Boston Globe: Legislature must move Mass. clean-energy economy forward

By Jamie Eldridge and Frank I. Smizik

This week, the Massachusetts House and Senate have an amazing opportunity to build on the Commonwealth’s energy policy foundation so that our energy economy can continue on its path as an emerging world player in the clean-energy industry — and ensure Massachusetts energy consumers a secure, reliable and affordable energy future.

Massachusetts is the number one state in the country for energy efficiency policy, and clean energy is the most rapidly growing sector in the state. The clean energy industry now employs over 64,000 people in jobs ranging from manufacturing and construction to sales and services, and these jobs are local.

Globally, clean energy investment grew 5 percent in 2011 to hit a record $260 billion, according to Bloomberg New Energy Finance. As a leader in clean energy, Massachusetts is competing in an important international industry, succeeding in attracting clean energy companies and investment. Because of the Commonwealth’s energy policies, companies are coming to Massachusetts, bringing jobs and economic development with them. Massachusetts was also second in the nation in attracting venture capital investment in the clean energy sector.

These economic benefits did not occur by chance. Leadership from the Legislature and the Patrick administration — through the 2008 Green Communities Act — has shortened the payback period for renewable and energy efficiency projects, making it possible for businesses, municipalities, and families to adopt clean energy. Across the state, people are saving energy and money, deploying efficiency and renewables, and keeping the air cleaner. These actions take pressure off the power grid and reduce energy costs.

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The energy bill currently in conference in the Legislature would cement and increase these economic benefits. Among other key provisions, it would raise a limit on “net metering” — a practice that is crucial to encouraging more small-scale solar and wind projects.

Under existing law, homeowners with solar panels get credit at the retail price of electricity for the amount of power they put back into the grid. But there’s a cap, which Massachusetts is about to hit, on how much power is eligible. The new law would raise the cap, encouraging these projects by letting more businesses and homeowners who generate power from renewables sell excess energy at a favorable price. (Net metering provides additional customer savings by reducing overall costs during times of peak energy demand.)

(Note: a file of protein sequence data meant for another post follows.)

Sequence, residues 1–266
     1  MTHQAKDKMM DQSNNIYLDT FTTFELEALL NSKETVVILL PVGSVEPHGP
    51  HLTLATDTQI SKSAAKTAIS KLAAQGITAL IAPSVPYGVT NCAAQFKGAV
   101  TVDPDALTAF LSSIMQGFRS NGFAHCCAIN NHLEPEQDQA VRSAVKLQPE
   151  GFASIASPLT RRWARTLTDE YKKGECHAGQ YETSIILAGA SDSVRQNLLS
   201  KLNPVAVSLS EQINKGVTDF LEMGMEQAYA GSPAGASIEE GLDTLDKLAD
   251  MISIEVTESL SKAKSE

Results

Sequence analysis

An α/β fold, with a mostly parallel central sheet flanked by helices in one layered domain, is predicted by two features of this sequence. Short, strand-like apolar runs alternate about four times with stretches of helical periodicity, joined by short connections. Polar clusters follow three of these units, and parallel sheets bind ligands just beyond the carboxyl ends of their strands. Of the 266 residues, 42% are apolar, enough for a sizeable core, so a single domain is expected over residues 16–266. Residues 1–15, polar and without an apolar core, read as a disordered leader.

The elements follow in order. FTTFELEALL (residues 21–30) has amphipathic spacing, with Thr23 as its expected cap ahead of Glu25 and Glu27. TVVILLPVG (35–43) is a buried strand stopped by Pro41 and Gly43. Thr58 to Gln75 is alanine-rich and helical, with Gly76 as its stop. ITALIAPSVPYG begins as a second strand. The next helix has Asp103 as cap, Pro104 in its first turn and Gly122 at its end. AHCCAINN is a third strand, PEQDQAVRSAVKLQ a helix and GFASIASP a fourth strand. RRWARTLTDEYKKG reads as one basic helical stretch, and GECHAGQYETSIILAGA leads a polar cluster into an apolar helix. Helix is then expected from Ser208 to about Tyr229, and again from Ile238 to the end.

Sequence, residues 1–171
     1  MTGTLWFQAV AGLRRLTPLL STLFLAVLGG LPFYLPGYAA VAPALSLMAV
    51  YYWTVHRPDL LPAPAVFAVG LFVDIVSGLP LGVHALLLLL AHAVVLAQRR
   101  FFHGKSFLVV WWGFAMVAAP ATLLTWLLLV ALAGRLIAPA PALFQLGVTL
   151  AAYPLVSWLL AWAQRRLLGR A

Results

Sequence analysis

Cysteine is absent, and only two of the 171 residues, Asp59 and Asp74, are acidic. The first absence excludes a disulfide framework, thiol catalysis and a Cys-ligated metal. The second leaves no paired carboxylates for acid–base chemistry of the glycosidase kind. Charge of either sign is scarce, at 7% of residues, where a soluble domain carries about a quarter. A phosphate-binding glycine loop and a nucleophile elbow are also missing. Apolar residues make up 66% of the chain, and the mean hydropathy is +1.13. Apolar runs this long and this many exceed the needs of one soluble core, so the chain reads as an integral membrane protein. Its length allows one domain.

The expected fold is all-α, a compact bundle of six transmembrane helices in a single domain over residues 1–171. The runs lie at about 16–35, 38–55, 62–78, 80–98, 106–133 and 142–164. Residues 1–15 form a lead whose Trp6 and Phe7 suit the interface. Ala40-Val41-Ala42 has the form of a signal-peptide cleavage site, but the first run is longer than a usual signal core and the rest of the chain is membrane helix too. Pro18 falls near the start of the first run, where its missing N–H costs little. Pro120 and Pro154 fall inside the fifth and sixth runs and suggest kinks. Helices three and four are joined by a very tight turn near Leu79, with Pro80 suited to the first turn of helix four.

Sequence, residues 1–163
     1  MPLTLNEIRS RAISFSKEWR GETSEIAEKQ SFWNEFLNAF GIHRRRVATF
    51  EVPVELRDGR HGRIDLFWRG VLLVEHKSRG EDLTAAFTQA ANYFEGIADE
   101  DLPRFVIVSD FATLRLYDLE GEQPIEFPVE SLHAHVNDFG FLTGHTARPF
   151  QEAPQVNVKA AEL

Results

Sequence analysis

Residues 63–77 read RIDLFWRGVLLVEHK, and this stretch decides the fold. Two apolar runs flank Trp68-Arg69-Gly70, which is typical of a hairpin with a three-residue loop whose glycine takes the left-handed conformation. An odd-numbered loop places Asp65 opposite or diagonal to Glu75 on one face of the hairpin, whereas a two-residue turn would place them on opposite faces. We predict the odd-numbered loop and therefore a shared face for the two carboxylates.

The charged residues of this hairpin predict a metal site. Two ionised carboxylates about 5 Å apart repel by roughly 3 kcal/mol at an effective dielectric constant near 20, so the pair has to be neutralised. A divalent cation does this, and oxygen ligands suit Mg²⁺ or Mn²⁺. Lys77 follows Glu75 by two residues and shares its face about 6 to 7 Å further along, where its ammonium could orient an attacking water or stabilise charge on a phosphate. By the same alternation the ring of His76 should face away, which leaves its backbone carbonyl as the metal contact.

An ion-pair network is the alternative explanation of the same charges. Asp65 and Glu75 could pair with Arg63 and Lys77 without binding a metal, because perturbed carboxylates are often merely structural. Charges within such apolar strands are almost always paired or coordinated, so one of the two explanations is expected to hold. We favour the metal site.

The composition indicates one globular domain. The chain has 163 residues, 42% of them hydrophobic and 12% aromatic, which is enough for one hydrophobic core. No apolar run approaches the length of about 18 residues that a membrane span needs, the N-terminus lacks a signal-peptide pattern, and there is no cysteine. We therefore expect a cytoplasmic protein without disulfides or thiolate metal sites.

The energy bill would also expand long-term contracting for renewable energy projects, reducing financing costs for developers. Consumers would benefit from the decrease as these reduced costs are passed on to them in the form of lower energy prices. Consumers are already saving money on their energy bills because of Massachusetts’ forward-thinking energy policies. The average household has saved $38 per month on its energy bills since the passage of the Green Communities Act. It’s time to take advantage of low natural gas prices and the clean energy programs already in place to make sure those savings continue. The energy bill under consideration will build on the Green Communities Act, allowing Massachusetts to keep its clean-energy economy growing, in turn helping the Commonwealth in reaching its renewable energy goal of 20 percent by 2020.

Beacon Hill has delivered on creating a leading clean energy economy for Massachusetts. This is a critical moment to move it forward, and make Massachusetts not only a leader in New England and in the United States, but in a thriving international marketplace. We urge our colleagues in the House and Senate to pass the energy bill, and Governor Deval Patrick to sign it.

Senator Jamie Eldridge represents the Middlesex and Worcester District. Representative Frank I. Smizik, represents the 15th Norfolk District and is chairman of the House Committee on Climate Change. Eldridge and Smizik chair the Green Economy Caucus in the Massachusetts Legislature.

Comments

  1. Aaron Arsenault says

    Couldn’t this be more ambitious with subsidies for deep retrofitting existing structures for zero net energy?then recoup costs by taxing the energy sold back into the grid.

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